Audio News for November 11, 2016

Hedy Lamarr Awards in Entertainment Technology – The Digital Entertainment Group (DEG) has inaugurated two annual awards: the “Hedy Lamarr Award for Innovation in Entertainment Technology,” and the “Hedy Lamarr Achievement Award for Emerging Leaders in Entertainment Technology.” The latter recognizes female college students in their junior year who show exceptional promise in the field. Austrian-American Hollywood actress Hedy Lamarr was a legend best known for a number of film classics, and she was also a lifelong inventor whose innovative work included pioneering “frequency hopping” which became the foundation for spread spectrum technology. Working with composer George Antheil, their radio guidance system for torpedos was patented in 1942 and this technology is utilized today for a variety of cellular, Wi-Fi and Bluetooth applications.

“Subway Therapy” for Those Dismayed at Election Results – A NYC artist whose goal is to make people smile, laugh and feel less stressed, started years ago inviting commuters to write a question or share a sentiment on pastel-colored Post-it notes on the walls of a subway stop. He also provides the pens. Since the election the process has become so intense that 1500 notes were left at one place. The messages ranged from providing comforting thoughts to expressing concern and disillusionment. The artist said on his web site that the people of NYC provided the courage and candor in the face of crippling division. You can learn more about the project here.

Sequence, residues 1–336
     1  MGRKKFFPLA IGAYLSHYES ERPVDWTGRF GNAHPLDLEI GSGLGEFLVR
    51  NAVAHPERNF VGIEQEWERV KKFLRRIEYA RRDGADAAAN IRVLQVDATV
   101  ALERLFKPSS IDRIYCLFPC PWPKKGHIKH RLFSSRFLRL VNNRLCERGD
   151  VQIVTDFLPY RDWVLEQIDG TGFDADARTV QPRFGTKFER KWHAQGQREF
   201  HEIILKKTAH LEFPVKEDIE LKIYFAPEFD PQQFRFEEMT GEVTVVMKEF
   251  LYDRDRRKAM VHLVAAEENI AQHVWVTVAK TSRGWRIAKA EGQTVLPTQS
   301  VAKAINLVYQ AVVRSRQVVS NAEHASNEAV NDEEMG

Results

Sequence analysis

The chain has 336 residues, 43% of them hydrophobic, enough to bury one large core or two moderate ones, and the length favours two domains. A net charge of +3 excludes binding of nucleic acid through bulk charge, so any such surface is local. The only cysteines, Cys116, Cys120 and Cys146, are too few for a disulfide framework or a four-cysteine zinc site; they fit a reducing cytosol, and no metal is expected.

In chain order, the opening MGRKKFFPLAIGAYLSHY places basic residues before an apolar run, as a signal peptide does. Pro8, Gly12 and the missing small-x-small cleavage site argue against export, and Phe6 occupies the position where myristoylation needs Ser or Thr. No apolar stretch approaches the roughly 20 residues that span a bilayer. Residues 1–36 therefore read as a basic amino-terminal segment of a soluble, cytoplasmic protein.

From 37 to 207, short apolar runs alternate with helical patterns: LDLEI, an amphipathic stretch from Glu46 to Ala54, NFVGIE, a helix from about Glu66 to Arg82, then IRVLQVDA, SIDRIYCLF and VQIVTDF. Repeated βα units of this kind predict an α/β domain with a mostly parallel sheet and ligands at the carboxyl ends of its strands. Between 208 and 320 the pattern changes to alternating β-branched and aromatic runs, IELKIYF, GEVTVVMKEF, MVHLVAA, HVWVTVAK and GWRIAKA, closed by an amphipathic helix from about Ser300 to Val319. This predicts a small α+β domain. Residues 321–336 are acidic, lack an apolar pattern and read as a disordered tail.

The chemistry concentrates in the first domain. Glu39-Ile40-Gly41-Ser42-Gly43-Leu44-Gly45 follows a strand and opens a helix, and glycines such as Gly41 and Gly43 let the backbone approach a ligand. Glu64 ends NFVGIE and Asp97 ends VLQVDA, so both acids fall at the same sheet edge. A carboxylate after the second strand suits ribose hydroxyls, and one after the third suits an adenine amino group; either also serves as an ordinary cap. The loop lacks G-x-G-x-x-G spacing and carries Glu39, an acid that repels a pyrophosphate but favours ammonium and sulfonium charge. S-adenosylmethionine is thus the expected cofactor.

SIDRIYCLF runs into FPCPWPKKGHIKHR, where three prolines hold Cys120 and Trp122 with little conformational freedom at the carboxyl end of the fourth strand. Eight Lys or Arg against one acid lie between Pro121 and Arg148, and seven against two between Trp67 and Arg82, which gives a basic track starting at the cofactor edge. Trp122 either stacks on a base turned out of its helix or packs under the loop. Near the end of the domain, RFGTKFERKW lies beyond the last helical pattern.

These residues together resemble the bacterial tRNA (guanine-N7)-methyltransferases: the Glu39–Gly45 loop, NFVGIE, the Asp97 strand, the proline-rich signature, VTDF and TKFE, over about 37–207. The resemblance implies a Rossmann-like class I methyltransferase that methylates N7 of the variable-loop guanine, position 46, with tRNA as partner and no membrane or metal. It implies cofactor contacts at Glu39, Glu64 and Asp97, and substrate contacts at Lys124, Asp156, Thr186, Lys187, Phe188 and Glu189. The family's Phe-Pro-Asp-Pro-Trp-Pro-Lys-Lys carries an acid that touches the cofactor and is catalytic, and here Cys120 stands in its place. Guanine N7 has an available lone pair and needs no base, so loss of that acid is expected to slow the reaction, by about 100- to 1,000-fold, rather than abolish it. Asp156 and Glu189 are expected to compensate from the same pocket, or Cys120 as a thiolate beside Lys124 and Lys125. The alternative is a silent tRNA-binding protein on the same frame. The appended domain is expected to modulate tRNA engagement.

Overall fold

Trojan-Horse Hardware for the Holidays – Many holiday shoppers are going for the cheapish gadgets such as the Roku box, Chromecast stick and Amazon’s Echo. Some are also offered as promotional giveaways: a free Roku box with Sling TV, or a free Apple TV or Fire TV stick with the launch of DirecTV’s Now streaming service. Mari Silbey thinks these products are technology Trojan Horses. She says consider the Roku platform: The Roku box brought Netflix to the living room and the hardware ushered in Netflix Inc.’s streaming service, helped it to crush the video rental competition, increase the bandwidth demand and raise the Pay-TV video-on-demand market. Roku and its streaming brethren enable further video experimentation: the Roku Ultra offers one of the cheapest consumer entry points for UHD and HDR video and allows providers to dole out new hi-def and hi-luminance video incrementally, rather than investing wholesale in UHD channels before the investment is likely to pay them dividends. Facebook is planning on using both Roku and Apple TV as outlets for new TV advertising. It is already an advertising king, but thru its streaming media boxes it may get its hands on lucrative TV ad budgets. Google’s Chromecast is another example – it’s the cheap gift that over time has more and more content that can be “cast” from a phone or tablet to the TV.

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